At this point in time, I like to SSH into my ISE Node to check the status of the Application Server.  I like to know where it is throughout the process.  I also like to know when it is back online so I can verify the Certificates are good to go.

Launch your SSH client of choice, login with the admin credentials.  Issue the “show application status ise” command to see where the ISE Node is with this process.  Repeat this command until the Application Server is in the Running State again.

Once the Application Server is in the Running State again, lets browse to our “https://ise.zsiga.lab” to see if the Certificate is now a valid Certificate within our PKI environment.

We are good and the screenshot below shows that ise.zsiga.lab has a valid Secure connection.

You will want to repeat this entire process for each ISE Node, so that every ISE Node in your cluster has valid Certificates from your PKI environment.  Below are a couple of screenshots from our second ISE Node, ise02.


3. Creating the Cisco ISE Cluster and adding nodes to it

Log into the Web GUI of what will be your deployment’s Primary Admin node.  In our lab this is going to be ise01.zsiga.lab and we can access it via our DNS alias entry of ise.zsiga.lab.  The alias entry can be really helpful when you have a long naming standard for your servers.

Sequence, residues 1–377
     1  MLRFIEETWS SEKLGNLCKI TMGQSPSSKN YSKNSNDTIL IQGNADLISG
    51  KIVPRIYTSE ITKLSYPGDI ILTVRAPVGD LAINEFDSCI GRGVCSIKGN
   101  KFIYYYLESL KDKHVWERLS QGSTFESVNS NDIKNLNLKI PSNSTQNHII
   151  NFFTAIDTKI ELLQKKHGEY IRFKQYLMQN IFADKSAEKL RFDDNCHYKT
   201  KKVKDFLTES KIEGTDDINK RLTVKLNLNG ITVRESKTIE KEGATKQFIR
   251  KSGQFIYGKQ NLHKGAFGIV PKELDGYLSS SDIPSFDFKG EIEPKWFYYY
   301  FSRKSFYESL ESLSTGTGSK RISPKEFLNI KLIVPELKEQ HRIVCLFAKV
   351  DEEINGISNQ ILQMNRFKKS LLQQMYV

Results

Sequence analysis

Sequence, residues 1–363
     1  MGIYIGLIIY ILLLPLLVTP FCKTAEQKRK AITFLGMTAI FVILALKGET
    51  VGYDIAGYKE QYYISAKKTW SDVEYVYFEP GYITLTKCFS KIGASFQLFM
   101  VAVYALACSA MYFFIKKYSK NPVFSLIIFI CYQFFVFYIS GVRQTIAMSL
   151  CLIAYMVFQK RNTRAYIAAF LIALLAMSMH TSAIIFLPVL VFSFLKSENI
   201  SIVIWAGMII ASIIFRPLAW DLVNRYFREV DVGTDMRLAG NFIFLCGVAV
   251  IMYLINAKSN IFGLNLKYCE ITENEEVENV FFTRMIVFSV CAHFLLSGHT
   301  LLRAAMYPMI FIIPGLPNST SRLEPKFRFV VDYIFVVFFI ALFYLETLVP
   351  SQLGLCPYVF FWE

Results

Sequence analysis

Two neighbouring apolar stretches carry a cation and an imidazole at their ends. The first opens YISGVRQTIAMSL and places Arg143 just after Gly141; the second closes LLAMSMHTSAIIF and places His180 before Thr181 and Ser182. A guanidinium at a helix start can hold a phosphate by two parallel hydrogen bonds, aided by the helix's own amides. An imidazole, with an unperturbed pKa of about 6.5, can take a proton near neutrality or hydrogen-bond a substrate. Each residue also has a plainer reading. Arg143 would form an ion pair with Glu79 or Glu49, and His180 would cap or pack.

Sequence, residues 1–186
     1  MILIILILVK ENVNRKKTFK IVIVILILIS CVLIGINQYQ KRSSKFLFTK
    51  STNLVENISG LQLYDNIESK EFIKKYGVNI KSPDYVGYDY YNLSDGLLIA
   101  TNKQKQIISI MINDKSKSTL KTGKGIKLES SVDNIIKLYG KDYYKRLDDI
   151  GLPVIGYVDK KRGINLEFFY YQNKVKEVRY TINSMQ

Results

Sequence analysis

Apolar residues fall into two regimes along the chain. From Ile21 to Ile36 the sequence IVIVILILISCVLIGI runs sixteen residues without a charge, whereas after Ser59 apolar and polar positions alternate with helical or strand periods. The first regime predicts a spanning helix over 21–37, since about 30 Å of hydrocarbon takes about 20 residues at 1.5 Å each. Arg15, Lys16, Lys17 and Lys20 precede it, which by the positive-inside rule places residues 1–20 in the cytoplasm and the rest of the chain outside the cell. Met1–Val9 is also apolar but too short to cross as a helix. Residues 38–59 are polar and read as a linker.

Once logged into the Web GUI, you will need to navigate to Administration -> System -> Deployment.

If its the first time navigating to the deployment screen you will get a pop up that lets you know your current deployment is in standalone.  This is ok, and we will be changing it momentarily.

Click Ok to move on to the Deployment screen where you will see the current node you are modifying.  Go a head and click the name of the node to edit its deployment settings.